Feathered friend turns into 'FriendS'
As I pulled back the curtains last Sunday morning, grateful for the extra hour in bed, it seemed I was not the only one!
Clearly visible in the daylight, not one, as before, (see earlier blog post) but two Barn Owls, eyes closed snoozing away the morning. I ran upstairs to our son's room, which is virtually opposite their wall hole, and captured this amazing image.
I'd love them to be one male and one female. They can then be affectionately known as 'Robin' and 'Virginia' after our guests who spotted we had an Owl the week before. Anyone reading this who knows anything about Owl gender please let us know! (Quite liking the idea of an Owl called 'Robin'!).
Okay, I hold my hand up with this one, it's been 'tweaked' but the light from the fading afternoon sunshine was pretty amazing, creating great shadows from the contrasting bleached uprights of the decking.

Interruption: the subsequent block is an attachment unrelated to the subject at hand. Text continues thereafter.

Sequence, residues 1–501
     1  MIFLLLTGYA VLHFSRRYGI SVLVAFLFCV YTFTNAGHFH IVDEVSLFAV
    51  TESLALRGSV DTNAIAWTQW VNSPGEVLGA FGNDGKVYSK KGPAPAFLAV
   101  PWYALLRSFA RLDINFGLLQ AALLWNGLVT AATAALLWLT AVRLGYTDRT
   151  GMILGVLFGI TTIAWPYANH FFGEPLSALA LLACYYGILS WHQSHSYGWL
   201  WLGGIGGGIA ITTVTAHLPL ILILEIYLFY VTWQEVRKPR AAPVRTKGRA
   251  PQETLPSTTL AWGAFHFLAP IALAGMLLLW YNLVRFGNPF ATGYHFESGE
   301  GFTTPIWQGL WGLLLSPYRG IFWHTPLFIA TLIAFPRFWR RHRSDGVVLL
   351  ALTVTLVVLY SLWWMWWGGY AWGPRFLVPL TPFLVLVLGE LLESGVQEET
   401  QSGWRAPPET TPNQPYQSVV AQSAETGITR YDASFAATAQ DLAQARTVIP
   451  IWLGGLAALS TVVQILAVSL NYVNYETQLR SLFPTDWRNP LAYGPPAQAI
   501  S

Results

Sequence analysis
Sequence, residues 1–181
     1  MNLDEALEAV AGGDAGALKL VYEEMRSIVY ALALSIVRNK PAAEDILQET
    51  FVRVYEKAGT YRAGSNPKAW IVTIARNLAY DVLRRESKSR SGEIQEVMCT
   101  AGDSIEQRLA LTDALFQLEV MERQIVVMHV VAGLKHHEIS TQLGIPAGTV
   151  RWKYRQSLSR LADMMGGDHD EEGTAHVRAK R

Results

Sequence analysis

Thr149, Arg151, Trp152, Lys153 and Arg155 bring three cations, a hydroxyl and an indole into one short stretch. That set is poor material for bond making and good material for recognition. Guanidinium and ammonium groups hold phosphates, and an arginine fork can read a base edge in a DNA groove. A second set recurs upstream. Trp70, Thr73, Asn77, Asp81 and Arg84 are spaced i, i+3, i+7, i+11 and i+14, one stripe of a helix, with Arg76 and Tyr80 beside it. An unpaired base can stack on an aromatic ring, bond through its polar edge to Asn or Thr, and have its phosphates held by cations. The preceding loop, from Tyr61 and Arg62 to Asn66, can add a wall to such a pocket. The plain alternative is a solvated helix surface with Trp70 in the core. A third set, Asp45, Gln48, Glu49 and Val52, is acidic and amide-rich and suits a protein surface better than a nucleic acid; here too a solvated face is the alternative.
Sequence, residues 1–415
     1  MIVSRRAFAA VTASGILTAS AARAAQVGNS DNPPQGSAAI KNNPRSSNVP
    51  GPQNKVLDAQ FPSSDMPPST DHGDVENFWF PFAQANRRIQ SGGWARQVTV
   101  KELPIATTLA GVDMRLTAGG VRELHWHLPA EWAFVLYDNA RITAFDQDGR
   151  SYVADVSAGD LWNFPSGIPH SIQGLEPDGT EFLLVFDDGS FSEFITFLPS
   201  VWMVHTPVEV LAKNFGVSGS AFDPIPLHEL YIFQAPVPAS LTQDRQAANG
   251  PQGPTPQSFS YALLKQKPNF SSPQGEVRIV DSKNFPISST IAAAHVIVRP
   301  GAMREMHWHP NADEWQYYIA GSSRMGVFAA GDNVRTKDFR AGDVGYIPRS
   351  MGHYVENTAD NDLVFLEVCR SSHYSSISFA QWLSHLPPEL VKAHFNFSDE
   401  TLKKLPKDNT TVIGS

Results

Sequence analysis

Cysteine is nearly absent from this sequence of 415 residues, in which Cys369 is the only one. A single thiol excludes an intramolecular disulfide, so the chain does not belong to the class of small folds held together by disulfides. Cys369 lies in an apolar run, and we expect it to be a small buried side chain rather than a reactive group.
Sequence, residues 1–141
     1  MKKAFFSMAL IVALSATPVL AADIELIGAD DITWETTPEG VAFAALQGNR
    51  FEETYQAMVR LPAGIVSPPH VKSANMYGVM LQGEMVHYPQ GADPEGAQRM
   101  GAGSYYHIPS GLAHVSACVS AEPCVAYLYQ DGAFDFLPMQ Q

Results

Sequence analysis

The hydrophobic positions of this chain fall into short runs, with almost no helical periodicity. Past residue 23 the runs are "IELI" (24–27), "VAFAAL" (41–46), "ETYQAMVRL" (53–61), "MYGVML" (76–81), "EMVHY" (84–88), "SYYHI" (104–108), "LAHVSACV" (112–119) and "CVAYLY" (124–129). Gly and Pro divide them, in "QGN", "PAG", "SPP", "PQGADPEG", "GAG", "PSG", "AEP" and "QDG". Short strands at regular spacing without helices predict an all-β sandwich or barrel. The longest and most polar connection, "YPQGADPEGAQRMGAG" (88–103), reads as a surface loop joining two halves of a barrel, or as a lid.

As I was playing with this image I started to realise that it actually breaks a standard 'rule' of photography (the rule of 'thirds') yet it still has a comfortable aesthetic, so why?
In a college 'print critique' sort of way, I started to analyse the shot I had taken. Not only does it break the rule of thirds, but it does so dramatically, by dividing the image exactly in half in such a way you can imagine the fold line. So my conclusion was this; the perfectly positioned yacht, and the small intersection with the handrail on the right both seem to smooth the eye's transition of the sharp line of sea and sky. The gentle stratus compliments the newly laid deck boards in a way that pure blue would not, all helping to balance out the 'error' of my compositional ways!
Do all of these thoughts pass through the mind of a photographer at the moment the shutter is pressed? Maybe, but if it does it's subliminal Somehow an image forms in the head that's right for the moment and it ends up with what you see here.
Rules eh? Good to know but even better to break.
A Slumber did my Spirit Seal
A slumber did my spirit seal;
I had no human fears:
She seemed a thing that could not feel
The touch of earthly years.
No motion has she now, no force;
She neither hears nor sees;
Rolled round in earth's diurnal course,
With rocks, and stones, and trees.
BY WILLIAM WORDSWORTH
Jacqueline and Geoff moved to the beautiful Isle of Arran in 2012, and have been visiting since 1998.